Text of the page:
"Facing the Music" is a rather lack-luster title for this finely crafted true story, but don't let the cliche title stop you.
I knew nothing about Jennifer Knapp until Howard Publishing sent me a review copy of her memoir.
For me, this book was two things. First, it was her account of her journey on the path called Life.
Second, it was a reminder that whenever Christianity becomes a culture (with certain norms, mores, and a herd mentality) instead of individuals before God, we've probably got to reconsider.
Jennifer takes us right back to her beginnings, to the birth of herself and her sister. They were twins, and so much a part of each other that people called them "the girls" as if they were one body, one entity.
This shared identity lasted them through a turbulent youth, as the sisters had to live in the tension of divorced parents.
She describes her best memories- working with horses and building things with scrap wood alongside her Dad, and peaceful visits and camping trips with her Mom.
Somewhere along the way, Jennifer and Music met. It was love at first note. A plastic recorder- the dreaded instrument of elementary school- was a precious treasure to her. I laughed when I read the passage about her playing "Erie Canal" over and over again, until she could visual the flowing water and the mule named Sal.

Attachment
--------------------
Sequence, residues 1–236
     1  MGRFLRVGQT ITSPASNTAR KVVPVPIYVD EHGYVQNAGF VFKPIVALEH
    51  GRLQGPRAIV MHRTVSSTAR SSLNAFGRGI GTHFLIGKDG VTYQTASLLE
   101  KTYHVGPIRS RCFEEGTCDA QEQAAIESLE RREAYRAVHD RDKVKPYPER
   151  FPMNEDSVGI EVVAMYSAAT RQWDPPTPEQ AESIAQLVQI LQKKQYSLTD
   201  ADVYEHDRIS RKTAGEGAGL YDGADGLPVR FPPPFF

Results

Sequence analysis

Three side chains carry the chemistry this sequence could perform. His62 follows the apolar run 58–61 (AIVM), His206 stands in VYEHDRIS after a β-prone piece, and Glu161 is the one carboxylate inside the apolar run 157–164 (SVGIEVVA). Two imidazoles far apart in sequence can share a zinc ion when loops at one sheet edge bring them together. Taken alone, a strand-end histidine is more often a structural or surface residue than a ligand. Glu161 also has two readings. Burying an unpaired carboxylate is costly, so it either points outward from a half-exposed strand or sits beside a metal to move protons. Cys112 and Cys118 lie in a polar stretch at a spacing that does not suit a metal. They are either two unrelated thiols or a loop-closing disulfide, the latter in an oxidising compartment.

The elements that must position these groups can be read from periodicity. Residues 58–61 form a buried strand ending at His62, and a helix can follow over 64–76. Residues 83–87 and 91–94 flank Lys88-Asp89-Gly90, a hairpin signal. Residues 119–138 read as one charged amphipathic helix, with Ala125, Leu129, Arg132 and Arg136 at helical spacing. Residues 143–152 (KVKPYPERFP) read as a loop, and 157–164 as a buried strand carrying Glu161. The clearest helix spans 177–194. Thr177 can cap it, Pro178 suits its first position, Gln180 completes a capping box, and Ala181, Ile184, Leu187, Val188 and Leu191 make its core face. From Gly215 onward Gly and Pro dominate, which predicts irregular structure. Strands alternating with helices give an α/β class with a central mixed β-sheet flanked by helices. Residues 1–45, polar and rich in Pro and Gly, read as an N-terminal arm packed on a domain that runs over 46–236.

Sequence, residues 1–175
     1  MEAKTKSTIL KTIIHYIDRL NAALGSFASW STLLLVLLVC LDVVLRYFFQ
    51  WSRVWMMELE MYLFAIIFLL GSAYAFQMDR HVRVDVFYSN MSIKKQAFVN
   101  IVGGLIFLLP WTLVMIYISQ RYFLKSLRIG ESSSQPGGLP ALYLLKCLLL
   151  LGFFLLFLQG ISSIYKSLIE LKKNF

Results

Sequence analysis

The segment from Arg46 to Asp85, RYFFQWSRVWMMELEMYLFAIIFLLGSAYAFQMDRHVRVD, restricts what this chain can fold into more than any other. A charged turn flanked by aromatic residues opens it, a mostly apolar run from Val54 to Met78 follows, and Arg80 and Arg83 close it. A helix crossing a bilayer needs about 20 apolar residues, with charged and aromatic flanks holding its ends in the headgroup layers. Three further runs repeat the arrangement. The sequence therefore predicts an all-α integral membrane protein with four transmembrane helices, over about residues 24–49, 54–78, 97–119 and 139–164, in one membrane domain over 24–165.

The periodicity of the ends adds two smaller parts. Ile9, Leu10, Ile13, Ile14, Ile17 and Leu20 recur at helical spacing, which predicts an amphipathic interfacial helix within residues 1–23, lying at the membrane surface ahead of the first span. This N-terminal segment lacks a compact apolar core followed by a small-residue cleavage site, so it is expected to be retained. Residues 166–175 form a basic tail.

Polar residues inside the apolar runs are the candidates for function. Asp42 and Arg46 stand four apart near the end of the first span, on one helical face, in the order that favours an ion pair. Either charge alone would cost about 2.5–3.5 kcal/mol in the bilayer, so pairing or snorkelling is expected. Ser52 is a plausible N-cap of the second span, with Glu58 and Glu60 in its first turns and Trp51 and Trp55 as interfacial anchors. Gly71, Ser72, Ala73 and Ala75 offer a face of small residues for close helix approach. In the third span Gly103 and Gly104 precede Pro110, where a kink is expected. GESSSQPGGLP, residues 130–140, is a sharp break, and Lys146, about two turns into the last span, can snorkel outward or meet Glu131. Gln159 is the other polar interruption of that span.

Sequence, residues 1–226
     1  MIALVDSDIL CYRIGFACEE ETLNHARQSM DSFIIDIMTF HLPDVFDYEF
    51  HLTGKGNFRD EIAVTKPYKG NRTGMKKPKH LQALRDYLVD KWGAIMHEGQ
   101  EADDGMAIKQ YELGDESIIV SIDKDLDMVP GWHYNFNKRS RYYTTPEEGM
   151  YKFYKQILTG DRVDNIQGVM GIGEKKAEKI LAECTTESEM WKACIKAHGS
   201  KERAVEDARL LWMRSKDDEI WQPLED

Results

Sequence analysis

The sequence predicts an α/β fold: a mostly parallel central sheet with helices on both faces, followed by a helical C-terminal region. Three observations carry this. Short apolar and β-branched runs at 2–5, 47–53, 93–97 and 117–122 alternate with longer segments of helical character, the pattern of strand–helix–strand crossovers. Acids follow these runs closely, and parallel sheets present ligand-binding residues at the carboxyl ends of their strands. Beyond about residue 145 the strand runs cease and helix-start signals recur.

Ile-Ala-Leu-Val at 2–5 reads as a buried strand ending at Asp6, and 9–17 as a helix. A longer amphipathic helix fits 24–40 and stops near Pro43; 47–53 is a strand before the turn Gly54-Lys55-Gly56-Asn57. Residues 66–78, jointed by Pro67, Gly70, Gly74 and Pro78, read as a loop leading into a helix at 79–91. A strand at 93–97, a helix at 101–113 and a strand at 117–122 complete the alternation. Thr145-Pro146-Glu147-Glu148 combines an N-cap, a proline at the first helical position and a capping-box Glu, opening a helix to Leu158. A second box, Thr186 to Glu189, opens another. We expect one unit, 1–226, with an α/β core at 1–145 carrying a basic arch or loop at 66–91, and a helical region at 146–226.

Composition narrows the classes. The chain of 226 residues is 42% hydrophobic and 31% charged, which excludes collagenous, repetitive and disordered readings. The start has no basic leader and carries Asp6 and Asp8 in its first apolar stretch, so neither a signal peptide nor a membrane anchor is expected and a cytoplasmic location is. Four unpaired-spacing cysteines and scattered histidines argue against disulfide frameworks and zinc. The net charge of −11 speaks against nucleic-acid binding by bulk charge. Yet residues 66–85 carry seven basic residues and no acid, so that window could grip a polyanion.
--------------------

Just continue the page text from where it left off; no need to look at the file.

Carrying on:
With her father and her stepmother beginning a new family of their own, and her sister beginning to grow up and become her own person, music was the light at the end of the tunnel for Jennifer.
And it was certainly a tiny light at first.... the music class was taught in the school gym, with the music written on the floor.
The more advanced class required staying after school and possessing an instrument, and her parents couldn't and/or wouldn't grant either request.
Not for a very long time.
It was playing and singing and writing- and then eventually writing music- that carried her through her teenage years.
She shares her cherished hopes and then reveals her broken dreams, and you will find yourself reading this memoir as if it were a novel- engrossed.
I also think once a reader finishes this book, they may want to check out "Thrashing about with God" by Mandy Stewart, and "When We Were on Fire" by Addie Zierman. Both of these books are written by women attempting to recover from 1990's evangelical church culture and live out Truth, Beauty and Goodness.
So many of the attitudes that seemed right have produced sad fruit today...
Scared-straight evangelism and two minute "decisions" led to people being afraid to talk about their faith lest they seem to be a "Gospel mugger."
The promoters of purity often failed to show purity as the presence of Love and Reverence, instead of just the absence of sex.
The attempt to steer us towards safe, "Christian" books (and music and films) led to a neglect of real art, and a widening of the sacred/secular gap.
The desire to be Biblically faithful led to conversations that were confrontations, and now we as the Body of Christ are paying the price, having alienated so many voices who could have brought valuable words to the table.
That's what I think Jennifer does here. I think she asks us to sit down and listen, to her as a human being, and to chew on what she has to say.
Then, if we were face-to-face, she invites us to talk.
I think that it's time we tried it.